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FBI calls, Apple obeys demand over iCloud data

Richi Jennings Your humble blogwatcher, dba RJA

Apple killed its plan to protect iCloud with end-to-end encryption. Over two years ago, the FBI told Tim Cook to knock it off.

At least, that’s according to “six sources familiar with the matter.” In a detailed report published this week from Reuters, we’re told that Apple nixed the project because it would remove one of the FBI’s best ways to gather evidence.

But the timing is fascinating. In this week’s Security Blogwatch, we wonder if we’re useful idiots (again).

Your humble blogwatcher curated these bloggy bits for your entertainment. Not to mention: katsup.


What’s the craic? Joseph Menn breathlessly reports—Apple dropped plan for encrypting backups after FBI complained:

According to one current and three former FBI officials and one current and one former Apple employee … more than two years ago, Apple told the FBI that it planned to offer users end-to-end encryption when storing their phone data on iCloud. … Representatives of the FBI’s cyber crime agents and its operational technology division objected to the plan, arguing it would deny them the most effective means for gaining evidence against iPhone-using suspects.

“Legal killed it, for reasons you can imagine,” [a] former Apple employee said he was told. … “They decided they weren’t going to poke the bear anymore,” [he] said, referring to Apple’s court battle with the FBI in 2016 over access to an iPhone used by one of the suspects in a mass shooting in San Bernardino.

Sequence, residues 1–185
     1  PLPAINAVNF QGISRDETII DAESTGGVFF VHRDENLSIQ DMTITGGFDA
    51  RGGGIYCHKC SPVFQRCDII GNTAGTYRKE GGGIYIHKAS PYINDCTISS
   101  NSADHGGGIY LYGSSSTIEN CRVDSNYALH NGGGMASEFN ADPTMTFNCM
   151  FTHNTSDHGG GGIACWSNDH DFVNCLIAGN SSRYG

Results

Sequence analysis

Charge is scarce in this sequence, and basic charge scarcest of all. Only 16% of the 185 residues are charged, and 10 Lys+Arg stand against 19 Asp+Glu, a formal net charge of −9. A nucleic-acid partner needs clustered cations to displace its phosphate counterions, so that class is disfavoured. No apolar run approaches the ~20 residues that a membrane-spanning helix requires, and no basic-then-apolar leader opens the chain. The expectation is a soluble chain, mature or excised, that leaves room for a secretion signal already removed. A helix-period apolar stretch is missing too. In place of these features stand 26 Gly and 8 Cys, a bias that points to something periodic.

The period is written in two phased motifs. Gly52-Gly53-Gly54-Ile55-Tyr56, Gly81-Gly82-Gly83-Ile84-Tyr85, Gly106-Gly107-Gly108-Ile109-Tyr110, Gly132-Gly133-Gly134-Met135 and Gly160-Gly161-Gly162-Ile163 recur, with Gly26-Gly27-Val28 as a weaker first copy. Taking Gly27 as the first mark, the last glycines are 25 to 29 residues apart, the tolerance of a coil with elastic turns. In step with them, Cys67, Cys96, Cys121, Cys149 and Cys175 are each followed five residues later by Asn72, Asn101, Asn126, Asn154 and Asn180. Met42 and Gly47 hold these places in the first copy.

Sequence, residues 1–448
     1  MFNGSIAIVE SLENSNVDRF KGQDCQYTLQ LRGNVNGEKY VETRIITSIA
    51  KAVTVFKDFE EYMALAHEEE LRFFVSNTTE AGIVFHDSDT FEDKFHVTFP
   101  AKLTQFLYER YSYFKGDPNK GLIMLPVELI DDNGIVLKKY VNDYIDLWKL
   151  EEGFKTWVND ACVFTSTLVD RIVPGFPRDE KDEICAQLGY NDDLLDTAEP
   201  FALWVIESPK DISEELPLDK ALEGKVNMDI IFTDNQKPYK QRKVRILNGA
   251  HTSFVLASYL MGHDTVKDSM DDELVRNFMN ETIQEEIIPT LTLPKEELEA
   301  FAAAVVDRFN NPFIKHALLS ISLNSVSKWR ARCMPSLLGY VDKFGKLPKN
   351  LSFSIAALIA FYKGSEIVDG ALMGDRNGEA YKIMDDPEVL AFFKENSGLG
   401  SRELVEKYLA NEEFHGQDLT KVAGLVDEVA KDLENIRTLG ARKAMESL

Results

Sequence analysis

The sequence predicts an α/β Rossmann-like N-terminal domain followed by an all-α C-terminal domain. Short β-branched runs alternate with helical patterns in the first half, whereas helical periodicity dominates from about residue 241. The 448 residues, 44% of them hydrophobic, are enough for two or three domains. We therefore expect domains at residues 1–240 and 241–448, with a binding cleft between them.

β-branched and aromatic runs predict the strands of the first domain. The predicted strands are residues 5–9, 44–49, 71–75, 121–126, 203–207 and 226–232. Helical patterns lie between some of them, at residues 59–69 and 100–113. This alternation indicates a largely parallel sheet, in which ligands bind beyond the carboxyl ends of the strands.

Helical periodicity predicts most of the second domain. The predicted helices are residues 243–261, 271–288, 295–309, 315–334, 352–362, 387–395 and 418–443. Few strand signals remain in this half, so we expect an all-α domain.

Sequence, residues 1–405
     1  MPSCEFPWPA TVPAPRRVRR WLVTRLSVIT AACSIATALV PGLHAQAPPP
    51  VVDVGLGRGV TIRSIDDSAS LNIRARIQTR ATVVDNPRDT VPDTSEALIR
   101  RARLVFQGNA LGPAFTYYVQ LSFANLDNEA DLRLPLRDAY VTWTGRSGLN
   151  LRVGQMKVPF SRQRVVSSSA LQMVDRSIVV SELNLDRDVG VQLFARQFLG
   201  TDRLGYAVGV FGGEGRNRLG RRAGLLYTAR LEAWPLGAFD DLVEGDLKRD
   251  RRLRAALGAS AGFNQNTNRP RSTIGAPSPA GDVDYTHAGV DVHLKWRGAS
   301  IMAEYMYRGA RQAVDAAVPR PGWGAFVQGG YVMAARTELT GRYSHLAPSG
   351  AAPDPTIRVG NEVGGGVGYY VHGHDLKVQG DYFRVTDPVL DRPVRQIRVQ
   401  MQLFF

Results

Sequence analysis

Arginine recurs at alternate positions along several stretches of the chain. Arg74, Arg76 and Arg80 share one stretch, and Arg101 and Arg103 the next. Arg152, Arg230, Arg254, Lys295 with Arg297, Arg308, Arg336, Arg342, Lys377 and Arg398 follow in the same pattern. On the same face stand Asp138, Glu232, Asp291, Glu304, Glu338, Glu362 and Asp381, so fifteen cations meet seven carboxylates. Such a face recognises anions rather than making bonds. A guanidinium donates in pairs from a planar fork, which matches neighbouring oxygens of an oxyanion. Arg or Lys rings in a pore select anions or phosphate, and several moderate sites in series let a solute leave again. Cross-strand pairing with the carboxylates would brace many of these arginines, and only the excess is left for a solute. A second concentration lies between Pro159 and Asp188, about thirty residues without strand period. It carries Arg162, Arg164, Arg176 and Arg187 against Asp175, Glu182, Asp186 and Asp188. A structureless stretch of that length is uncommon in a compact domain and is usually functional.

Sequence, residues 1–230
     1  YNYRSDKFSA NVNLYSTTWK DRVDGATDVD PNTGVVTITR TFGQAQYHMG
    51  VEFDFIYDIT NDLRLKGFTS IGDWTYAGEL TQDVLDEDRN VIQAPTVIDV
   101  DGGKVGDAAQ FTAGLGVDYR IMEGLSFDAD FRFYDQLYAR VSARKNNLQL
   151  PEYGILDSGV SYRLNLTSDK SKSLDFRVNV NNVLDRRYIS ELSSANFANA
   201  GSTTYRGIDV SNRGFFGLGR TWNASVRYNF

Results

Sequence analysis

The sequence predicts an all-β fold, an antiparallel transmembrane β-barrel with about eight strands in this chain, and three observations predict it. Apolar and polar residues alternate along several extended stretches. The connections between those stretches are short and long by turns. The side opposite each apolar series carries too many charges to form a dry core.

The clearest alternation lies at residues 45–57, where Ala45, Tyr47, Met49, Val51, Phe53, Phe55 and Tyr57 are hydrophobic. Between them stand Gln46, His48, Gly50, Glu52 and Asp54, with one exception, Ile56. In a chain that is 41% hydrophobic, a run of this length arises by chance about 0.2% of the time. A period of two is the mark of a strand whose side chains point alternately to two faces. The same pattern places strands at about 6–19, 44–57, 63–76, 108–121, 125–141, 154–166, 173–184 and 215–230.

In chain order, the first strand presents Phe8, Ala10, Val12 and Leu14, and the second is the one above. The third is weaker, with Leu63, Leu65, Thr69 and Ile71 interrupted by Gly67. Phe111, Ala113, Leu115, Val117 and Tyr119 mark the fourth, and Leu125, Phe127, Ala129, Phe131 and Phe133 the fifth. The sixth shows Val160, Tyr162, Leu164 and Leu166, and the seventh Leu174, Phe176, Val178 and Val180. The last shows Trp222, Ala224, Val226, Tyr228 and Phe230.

Backed-up contact information and texts from iMessage, WhatsApp and other encrypted services remain available to Apple employees and authorities. … Had it proceeded with its plan, Apple would not have been able to turn over any readable data belonging to users who opted for end-to-end encryption.

An Apple spokesman declined to comment. … The FBI did not respond to requests for comment.

Why? because of FBI, concludes Adam Ismail:

As it stands today, iCloud is encrypted, such that only users and Apple have keys to backups stored on the company's servers. However, enabling end-to-end encryption would have eliminated the company's ability to access or recover users' backups — something government officials feared would have hindered criminal investigations involving suspects using iPhones.

These backups present a full snapshot of a device's contents at a given point in time, including logs of encrypted-messaging chats, so they're tremendously valuable to investigators. … In the first half of 2019, Apple handed over account data (that includes iCloud backups) … in 90% of requests from the U.S. government [or] 3,259 cases out of 3,619.

Correct decision? No, comments Ben Lovejoy—Apple’s decision … is wrong, but also understandable:

There’s always been one major problem with [the] claim that ‘What happens on your iPhone, stays on your iPhone’: It isn’t true of iCloud backups. … Although Apple was working towards end-to-end encryption … it has now abandoned the plan.

Apple’s decision is wrong. … Personal data has never been more at risk, and any weakness in privacy protections designed for use by the good guys is one that is at risk of exploitation by the bad guys.

[But] while it isn’t the ideal approach by Apple, it is a pragmatic one with few downsides. And one that might, in the long-run, reduce the risk legislation forcing Apple to compromise iOS, which would create massively greater risks.

However, as Peter Cohen has it, We’re our own worst enemy: